The American Society of Cinematographers

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February 2012
Film Craft: Cinematography Online
by Mike Goodridge and Tim Grierson
Reviewed by Jim Hemphill

The directors of photography interviewed in Mike Goodridge and Tim Grierson’s handsomely assembled Film Craft: Cinematography are truly the crème de la crème, a group of international cinematographers whose influence is indisputable. It would not be an exaggeration to say the majority of them are living legends.
Film Craft: Editing
by Justin Chang
Reviewed by Jim Hemphill

Justin Chang’s Film Craft: Editing, a collection of interviews with 17 film editors that is elegantly laid out with a plethora of gorgeous illustrations, is a book as straightforward as its title. Yet, like the editors whose work he profiles, Chang is a master when it comes to creating invisible art; the simplicity of his approach belies the remarkable depth and insight to be found in his conversations.

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Film Craft: Cinematography
by Mike Goodridge and Tim Grierson
Reviewed by Jim Hemphill

The directors of photography interviewed in Mike Goodridge and Tim Grierson’s handsomely assembled Film Craft: Cinematography are truly the crème de la crème, a group of international cinematographers whose influence is indisputable. It would not be an exaggeration to say the majority of them are living legends. ASC members Vilmos Zsigmond, Michael Ballhaus, Caleb Deschanel and Owen Roizman represent just a sampling of the interview subjects in the volume, which not only places its emphasis on veteran maestros, but also makes space for rising stars such as Matthew Libatique, ASC, and Seamus McGarvey, ASC, BSC. Any publication that collects the insights of a group like that is must reading for serious filmmakers and students although the relatively strict format of the Film Craft series proves an occasional limitation at times.

Since most of the cinematographers covered in Film Craft: Cinematography are quite famous, there are already a large number of preexisting interviews with them in the pages of American Cinematographer as well as in other books; David Ellis’s Conversations with Cinematographers, Kris Malkiewicz’s recently revised Film Lighting and Dennis Schaefer and Larry Salvato’s seminal Masters of Light, to name a few. Some definitely overlap in information, but Goodridge and Grierson extract plenty of thoughtful reflections from their subjects, particularly when it comes to recent works that might not have been covered elsewhere. The strongest distinguishing feature of this volume as opposed to the others is the quality of the illustrations; like all the books in Focal Press’s Film Craft series, the book contains a surplus of gorgeous stills from the films under discussion. Yet the images go beyond mere coffee-table-book material to include shot lists, storyboards, diagrams and other documentation that offer an intimate look at the cinematographer’s process.

One wishes these handwritten materials were more abundant; the cinematographers’ papers on display are fascinating, but there are only a few such documents in most chapters, and none at all in some. Part of the problem lies with the need for the writers to adhere to the Film Craft series template, which mandates a specific length — all of the books in the collection are just under 200 pages — that restricts the amount of space that can be devoted to any individual cinematographer. The result is many of the chapters leave the reader frustrated by their brevity, especially since the sections on the most famous directors of photography spend their introductions rehashing biographical material readily available elsewhere. (Beginning each chapter with these “how-I-got-into-the-business” passages is another prerequisite of the Film Craft series.)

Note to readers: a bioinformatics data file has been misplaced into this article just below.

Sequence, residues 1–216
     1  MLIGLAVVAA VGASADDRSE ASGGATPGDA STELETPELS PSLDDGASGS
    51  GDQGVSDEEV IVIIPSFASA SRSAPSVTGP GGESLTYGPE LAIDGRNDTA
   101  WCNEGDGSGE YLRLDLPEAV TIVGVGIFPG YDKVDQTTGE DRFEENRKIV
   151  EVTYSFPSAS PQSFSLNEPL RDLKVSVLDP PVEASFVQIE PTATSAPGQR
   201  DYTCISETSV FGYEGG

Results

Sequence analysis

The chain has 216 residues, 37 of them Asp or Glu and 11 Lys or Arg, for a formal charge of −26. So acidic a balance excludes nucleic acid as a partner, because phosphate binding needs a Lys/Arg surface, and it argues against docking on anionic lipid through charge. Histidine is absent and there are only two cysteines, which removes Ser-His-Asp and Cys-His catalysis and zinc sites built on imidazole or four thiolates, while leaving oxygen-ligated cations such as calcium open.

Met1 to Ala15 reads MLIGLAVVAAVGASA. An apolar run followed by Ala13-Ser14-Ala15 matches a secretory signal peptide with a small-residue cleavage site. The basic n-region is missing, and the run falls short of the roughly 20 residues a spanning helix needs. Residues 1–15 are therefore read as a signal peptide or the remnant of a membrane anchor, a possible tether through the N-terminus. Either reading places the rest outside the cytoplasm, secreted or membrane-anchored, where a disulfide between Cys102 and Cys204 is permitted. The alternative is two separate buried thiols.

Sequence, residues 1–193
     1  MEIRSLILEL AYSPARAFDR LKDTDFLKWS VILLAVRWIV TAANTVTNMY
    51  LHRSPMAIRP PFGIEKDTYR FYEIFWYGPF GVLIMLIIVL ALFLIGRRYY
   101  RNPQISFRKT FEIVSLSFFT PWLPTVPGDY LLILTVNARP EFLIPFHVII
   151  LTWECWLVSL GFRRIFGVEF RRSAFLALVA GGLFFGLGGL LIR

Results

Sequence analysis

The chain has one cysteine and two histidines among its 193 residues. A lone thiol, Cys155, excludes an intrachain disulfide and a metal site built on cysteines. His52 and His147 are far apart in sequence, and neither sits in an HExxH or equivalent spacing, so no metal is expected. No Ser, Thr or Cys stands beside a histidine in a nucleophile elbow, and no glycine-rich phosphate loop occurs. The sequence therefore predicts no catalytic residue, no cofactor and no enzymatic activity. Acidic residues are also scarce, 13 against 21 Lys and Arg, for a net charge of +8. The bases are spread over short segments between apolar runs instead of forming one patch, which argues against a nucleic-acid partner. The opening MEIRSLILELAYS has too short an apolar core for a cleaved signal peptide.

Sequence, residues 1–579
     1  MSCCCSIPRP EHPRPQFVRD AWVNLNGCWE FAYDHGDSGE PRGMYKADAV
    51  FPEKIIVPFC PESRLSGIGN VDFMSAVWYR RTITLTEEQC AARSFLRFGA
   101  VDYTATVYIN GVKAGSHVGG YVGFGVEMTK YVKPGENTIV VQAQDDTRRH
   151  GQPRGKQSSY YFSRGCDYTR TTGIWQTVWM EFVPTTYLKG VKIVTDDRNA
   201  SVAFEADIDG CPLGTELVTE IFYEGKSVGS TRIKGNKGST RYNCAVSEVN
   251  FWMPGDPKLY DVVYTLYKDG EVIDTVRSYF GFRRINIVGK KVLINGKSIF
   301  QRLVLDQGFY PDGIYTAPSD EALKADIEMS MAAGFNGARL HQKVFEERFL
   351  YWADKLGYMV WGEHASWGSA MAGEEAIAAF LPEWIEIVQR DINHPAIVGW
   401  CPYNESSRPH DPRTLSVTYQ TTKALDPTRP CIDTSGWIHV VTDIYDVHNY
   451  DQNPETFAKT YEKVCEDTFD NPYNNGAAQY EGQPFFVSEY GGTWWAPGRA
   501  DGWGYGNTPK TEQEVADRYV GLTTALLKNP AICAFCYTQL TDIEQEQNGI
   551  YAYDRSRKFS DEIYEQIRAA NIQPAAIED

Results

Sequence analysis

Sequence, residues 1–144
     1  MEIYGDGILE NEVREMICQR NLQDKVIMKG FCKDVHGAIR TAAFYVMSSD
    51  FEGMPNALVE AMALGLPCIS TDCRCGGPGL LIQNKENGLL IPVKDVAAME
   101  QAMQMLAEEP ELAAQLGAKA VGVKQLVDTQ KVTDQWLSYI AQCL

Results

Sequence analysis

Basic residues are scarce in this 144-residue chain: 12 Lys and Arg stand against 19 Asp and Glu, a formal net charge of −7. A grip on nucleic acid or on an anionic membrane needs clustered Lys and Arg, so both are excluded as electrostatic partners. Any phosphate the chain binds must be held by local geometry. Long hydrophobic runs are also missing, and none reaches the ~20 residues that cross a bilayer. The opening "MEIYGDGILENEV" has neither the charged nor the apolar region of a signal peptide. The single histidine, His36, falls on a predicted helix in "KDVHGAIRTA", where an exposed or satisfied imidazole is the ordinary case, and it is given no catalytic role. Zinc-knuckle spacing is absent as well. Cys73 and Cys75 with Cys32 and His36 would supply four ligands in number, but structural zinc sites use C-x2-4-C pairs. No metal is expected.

Nevertheless, many chapters contain information both new and extremely enlightening. The interview with Ellen Kuras, ASC, is a particular highlight, as she devotes equal time to technical and aesthetic concerns as well as to her philosophies regarding the managerial and interpersonal aspects of filmmaking. Her discussions of the daring cinematography in films such as Swoon, Blow, The Ballad of Jack and Rose and Summer of Sam singlehandedly justify the book — though there is plenty of additional justification to be found in the fascinating interviews with Christopher Doyle, ASC, HKSC; Ed Lachman, ASC, and others. Most of the directors of photography in the book are quite articulate about their processes, and their observations about color, light and composition not only illuminate the craft of cinematography, but also increase the viewer’s enjoyment of the individual films under discussion.

Goodrich and Grierson supplement the contemporary cinematographers’ conversations with “legacy” chapters that pay tribute to the legends of the past: James Wong Howe, ASC; Raoul Coutard, AFC; Jack Cardiff, ASC, BSC; Sven Nykvist, ASC, and Freddie Young, BSC. To study their work alongside that of the modern masters profiled in Film Craft: Cinematography is to be truly inspired, and that inspiration is more than enough to recommend the book in spite of the fact it leaves the reader wanting so much more.